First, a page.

Precious Truth:” Though sorrow may last for a night, joy comes in the morning”
Today’s Reading from The Word
Daniel so distinguished himself among the administrators and the satraps by his exceptional qualities that the king planned to set him over the whole kingdom. 4 At this, the administrators and the satraps tried to find grounds for charges against Daniel in his conduct of government affairs, but they were unable to do so. They could find no corruption in him, because he was trustworthy and neither corrupt nor negligent. 5 Finally these men said, “We will never find any basis for charges against this man Daniel unless it has something to do with the law of his God.”
6 So these administrators and satraps went as a group to the king and said: “May King Darius live forever! 7 The royal administrators, prefects, satraps, advisers and governors have all agreed that the king should issue an edict and enforce the decree that anyone who prays to any god or human being during the next thirty days, except to you, Your Majesty, shall be thrown into the lions’ den. 8 Now, Your Majesty, issue the decree and put it in writing so that it cannot be altered—in accordance with the law of the Medes and Persians, which cannot be repealed.” 9 So King Darius put the decree in writing.
It so happens that the devotional passage for today is about Daniel, particularly the story of his being thrown into a den a lions. And it is also the Sunday when we light the Candle of Joy in the Advent wreath.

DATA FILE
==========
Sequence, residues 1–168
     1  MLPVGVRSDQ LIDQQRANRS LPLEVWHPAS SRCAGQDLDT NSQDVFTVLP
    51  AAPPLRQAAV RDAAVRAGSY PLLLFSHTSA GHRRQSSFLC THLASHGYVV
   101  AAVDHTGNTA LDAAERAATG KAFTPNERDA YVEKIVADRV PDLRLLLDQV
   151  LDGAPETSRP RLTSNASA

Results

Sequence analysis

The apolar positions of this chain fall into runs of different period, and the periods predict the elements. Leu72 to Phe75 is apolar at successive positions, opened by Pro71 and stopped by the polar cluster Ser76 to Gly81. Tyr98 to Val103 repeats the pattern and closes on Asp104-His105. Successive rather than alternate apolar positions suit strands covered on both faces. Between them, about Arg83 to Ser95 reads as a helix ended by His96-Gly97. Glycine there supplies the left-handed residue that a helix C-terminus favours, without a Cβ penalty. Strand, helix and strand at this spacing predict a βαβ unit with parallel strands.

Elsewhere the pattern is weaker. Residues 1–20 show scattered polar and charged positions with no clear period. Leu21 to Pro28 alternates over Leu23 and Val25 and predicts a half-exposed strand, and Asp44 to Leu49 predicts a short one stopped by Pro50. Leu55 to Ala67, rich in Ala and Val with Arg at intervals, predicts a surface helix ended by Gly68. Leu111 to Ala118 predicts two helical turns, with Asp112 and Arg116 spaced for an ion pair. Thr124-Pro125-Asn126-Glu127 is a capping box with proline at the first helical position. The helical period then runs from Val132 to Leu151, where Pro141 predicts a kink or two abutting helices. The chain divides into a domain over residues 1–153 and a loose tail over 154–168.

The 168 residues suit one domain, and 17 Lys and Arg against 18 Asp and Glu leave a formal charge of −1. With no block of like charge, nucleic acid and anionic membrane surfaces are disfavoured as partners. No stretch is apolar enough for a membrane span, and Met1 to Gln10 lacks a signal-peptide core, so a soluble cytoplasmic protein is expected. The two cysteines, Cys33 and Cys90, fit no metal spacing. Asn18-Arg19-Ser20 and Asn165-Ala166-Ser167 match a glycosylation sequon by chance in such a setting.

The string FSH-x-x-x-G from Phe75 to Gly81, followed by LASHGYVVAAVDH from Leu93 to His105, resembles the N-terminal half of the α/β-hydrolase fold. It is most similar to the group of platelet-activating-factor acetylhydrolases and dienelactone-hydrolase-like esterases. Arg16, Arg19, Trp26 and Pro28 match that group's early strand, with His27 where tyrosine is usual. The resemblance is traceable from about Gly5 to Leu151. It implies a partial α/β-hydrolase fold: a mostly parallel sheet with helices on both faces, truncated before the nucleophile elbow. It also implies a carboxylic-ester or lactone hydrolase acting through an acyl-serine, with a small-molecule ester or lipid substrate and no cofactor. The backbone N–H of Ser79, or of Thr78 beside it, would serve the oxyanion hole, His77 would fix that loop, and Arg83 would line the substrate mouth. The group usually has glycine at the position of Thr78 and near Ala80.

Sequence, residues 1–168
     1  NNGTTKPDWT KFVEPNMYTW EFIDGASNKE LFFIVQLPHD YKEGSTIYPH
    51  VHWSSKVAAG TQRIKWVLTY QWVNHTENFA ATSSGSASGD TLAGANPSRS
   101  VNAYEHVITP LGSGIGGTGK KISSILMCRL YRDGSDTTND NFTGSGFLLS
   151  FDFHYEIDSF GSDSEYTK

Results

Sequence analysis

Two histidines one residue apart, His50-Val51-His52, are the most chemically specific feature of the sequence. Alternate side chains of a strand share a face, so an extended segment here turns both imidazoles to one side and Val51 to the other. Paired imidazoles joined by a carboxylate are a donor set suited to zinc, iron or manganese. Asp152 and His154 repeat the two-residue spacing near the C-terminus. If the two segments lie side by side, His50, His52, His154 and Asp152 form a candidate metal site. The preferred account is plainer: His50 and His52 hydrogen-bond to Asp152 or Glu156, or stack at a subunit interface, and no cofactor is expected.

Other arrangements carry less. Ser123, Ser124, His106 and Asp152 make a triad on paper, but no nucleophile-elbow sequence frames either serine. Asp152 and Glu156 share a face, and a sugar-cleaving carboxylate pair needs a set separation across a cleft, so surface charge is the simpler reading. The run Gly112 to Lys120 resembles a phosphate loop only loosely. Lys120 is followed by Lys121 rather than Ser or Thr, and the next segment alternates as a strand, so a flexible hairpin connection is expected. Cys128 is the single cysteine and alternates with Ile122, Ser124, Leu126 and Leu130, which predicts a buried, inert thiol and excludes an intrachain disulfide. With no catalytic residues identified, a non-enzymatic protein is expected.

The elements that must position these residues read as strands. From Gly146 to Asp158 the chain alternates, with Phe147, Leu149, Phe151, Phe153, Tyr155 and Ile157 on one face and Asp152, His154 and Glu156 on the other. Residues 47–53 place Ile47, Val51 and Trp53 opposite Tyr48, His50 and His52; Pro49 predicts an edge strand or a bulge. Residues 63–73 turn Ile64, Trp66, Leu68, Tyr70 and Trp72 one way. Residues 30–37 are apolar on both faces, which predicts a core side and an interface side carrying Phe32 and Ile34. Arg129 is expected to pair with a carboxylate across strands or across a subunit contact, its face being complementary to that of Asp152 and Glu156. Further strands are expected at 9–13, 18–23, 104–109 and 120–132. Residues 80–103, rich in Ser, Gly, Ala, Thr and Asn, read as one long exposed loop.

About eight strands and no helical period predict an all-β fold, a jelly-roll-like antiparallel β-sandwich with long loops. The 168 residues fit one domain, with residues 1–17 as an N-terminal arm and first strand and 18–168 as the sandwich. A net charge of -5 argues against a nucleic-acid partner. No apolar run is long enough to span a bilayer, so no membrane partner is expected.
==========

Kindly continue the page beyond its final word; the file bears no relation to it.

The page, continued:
This is a happy pairing, since it guides us to consider the difference between joy and happiness, which we usually lump together.
Joy can arise in the midst of the worst circumstances, and it has its basis not in how we feel, but in our hope and in events that are sometimes quite outside our experience of the moment. People can rejoice in a Victory after a long hard war. They can rejoice in relief, or someone else’s blessing, or in truth revealed to them. Any of those events can give birth to joy.
Some have said that the candle of joy marks the fact that we are nearing the end of the advent waiting period, and drawing closer to the birthday of Christ. The angels and shepherds rejoiced and had joy at the news of this event at its revelation in the world.
Their joy came with hope, the hope that came with a Savior.Sometimes it is those who most realize their need for such things as a Savior that can experience the greatest joy.
Jesus remarked on this very thing:
You did not put oil on my head, but she has poured perfume on my feet. 47 Therefore, I tell you, her many sins have been forgiven—as her great love has shown. But whoever has been forgiven little loves little.”
If you have received Christ, and your sins are forgiven you, you have much to rejoice over and have joy for this Christmas. It isn’t all about the presents under the tree, or jolly times with friends and family. Sometimes it isn’t, at all, about that. But it is about a Savior who came from Heaven for you, just to help you receive His joy.